A) Stop.  B) Slow down, but get past.  C) Speed up.

I chose A. I drove in the US for five years, where motorists stop 20-25 feet behind or facing a school bus with flashing lights or stop arms, EVEN when it has halted on the opposite side of the road. I was so careful about this in the States, I would have stopped dead in my tracks in instances where the school bus driver had just parked for 10 minutes to eat his sarnies.

A stop sign mean stop, right? Until it doesn’t.
A stop sign means stop, right? Until it doesn’t.

The driver behind me opted for C, zipping round both my vehicle and the school bus. (Those who navigate Middle East cities on a regular basis, and already know all the different levels of stupidity, won’t be surprised by this at all.)

There’s another permanent stop sign – just outside our compound – where the correct answer isn’t so clear, though. Imagine this scene if you will: you come off the highway and at the bottom of the exit, where you can turn left into a tunnel (from which cars are also emerging) to make a U-turn or go straight on, lies the largely ignored stop.

Here, your options are: A) Come to a complete stop and risk being rear-ended.  B) Stop, and develop dangerously high blood pressure as the car behind rudely darts round you.  C) Slow down and go through it carefully.  D) Blow right through it at speed, as though you’re still sailing along the highway you’ve just left.

And believe me, this particular junction has been a huge issue for our compound. Several friends have (rightly, in my opinion) followed cars home that have sped through it, to confront the drivers.

So imagine my surprise when I saw a police car behind me, and thought I’d better pick A. It’s clearly an octagonal red sign, with the words STOP in big white letters, and cars make turns from the other direction.

I came to a halt. So did the green-and-white squad car, which I could see in my rear mirror had pulled up just a few inches behind my bumper.

HONK-HONK

Yes, that came from the police car. I kid you not.

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Silent Sunday: How to wind me up when I’m late!

So I’m running late. I’m on the road that leads from our compound to the exit – a road on which there are speed bumps – steep ones, that practically stop your car in its tracks. And I find myself stuck behind a slow-moving construction vehicle, transporting … giant cotton reels?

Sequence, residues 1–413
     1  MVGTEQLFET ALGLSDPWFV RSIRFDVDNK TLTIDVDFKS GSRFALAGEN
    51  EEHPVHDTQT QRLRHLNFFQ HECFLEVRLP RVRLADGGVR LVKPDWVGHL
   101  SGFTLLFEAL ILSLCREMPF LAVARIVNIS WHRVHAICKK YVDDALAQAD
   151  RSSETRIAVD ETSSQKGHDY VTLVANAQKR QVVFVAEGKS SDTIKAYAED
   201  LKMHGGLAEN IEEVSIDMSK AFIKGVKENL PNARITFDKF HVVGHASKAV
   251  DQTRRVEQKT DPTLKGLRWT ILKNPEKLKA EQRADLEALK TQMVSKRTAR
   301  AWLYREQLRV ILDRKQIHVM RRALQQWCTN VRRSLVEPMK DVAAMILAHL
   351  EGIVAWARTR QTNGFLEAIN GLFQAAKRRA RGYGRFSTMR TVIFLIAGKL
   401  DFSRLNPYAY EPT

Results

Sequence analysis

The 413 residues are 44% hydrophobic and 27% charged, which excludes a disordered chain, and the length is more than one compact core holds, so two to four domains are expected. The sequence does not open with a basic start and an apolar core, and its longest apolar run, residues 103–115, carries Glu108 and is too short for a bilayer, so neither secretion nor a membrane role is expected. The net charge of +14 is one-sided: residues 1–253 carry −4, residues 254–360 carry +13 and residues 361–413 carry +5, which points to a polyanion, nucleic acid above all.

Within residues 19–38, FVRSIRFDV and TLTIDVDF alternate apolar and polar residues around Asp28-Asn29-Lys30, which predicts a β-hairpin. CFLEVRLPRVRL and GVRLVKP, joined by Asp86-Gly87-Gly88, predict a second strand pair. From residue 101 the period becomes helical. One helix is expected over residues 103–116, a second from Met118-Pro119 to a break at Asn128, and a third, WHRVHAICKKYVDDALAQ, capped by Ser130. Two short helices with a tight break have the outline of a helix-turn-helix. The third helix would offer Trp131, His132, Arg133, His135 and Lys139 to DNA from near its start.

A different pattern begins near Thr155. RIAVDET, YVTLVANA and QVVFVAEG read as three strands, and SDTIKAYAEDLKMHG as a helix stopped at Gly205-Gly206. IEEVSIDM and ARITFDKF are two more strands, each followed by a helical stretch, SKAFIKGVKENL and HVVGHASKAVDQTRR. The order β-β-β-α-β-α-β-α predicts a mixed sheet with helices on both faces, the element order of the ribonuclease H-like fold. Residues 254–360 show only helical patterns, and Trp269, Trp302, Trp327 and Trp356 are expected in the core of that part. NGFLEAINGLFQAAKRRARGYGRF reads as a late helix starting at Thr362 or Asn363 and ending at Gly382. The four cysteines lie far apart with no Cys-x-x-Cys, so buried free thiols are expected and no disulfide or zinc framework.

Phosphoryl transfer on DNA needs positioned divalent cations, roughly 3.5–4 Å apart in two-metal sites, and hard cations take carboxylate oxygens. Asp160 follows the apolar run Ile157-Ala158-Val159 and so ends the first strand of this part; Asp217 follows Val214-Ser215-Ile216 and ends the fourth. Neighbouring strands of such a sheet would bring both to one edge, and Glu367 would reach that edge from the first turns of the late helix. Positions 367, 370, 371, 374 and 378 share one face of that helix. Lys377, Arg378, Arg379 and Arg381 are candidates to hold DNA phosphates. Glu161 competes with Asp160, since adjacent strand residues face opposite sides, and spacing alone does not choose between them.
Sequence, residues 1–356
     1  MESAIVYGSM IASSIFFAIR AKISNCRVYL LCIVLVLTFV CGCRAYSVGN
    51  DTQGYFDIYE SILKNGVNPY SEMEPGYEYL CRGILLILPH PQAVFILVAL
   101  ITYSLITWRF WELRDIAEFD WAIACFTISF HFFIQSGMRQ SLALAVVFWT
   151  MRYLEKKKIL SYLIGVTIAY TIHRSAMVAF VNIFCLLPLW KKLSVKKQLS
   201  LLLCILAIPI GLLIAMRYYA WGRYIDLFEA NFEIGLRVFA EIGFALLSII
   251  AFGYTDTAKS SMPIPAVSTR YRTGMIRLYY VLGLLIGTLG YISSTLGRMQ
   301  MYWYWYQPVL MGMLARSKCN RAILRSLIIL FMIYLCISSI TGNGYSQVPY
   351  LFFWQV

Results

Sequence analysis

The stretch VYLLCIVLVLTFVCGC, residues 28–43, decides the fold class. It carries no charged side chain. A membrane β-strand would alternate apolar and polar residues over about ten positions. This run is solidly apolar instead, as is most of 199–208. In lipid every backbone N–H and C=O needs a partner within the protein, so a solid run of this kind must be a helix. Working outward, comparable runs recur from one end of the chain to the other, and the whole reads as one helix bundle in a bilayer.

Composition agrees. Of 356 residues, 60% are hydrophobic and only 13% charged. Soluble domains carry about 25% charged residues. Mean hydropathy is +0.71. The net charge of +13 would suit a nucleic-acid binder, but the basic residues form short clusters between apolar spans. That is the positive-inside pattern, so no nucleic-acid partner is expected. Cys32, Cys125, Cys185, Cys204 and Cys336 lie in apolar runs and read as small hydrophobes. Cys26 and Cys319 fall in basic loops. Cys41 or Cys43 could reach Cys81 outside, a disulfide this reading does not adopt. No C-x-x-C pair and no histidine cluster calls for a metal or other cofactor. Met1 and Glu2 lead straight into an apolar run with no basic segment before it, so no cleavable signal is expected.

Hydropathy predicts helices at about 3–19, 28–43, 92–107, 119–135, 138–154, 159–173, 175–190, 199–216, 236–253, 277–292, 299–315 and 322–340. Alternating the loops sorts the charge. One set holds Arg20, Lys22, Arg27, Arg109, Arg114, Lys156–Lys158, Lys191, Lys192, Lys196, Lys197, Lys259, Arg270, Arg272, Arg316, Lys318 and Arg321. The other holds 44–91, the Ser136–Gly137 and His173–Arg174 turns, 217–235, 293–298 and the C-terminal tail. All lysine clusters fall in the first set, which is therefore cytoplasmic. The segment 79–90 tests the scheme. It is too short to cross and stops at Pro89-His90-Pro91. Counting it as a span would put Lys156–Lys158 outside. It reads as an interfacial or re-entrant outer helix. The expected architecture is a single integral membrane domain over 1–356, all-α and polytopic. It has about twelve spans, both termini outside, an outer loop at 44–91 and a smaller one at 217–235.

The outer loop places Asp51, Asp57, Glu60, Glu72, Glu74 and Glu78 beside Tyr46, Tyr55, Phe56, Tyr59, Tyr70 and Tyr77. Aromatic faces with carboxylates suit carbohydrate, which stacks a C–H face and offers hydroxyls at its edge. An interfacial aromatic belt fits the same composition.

So I’m running late. I’m on the longish road that leads from our compound to the exit – a road on which there are speed bumps – steep ones, that practically stop your car in its tracks. And I find myself stuck behind a lumbering, slow-moving construction vehicle, transporting … giant cotton reels?
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The Dubai tram – it’s on track!

I can tell you this because I’ve been watching the trams tootling up and down on test runs in recent months. I’ve also lost hours of my life sitting in traffic jams outside Media City, stuck in bottlenecks caused by the dusty construction work.

My commute that used to take 25 minutes took a frustrating hour-and-a-half yesterday, and wasn’t helped by Mr Queue Jumper. You all know him. You’ve paid attention to the construction signs and got in the correct lane. Mr Important has ignored them for miles, and now wants to be let in. (Not going to happen).

Anyway, I’m in quite a good position to be able to tell you that the black-and-white trams look modern and sleek (with a gold suite, as well as silver and women-and-children classes); and along the route there are 17 high-tech stations with platform screen doors – a world first for a tramway.

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Do NOT stop on tracks – just don’t, ok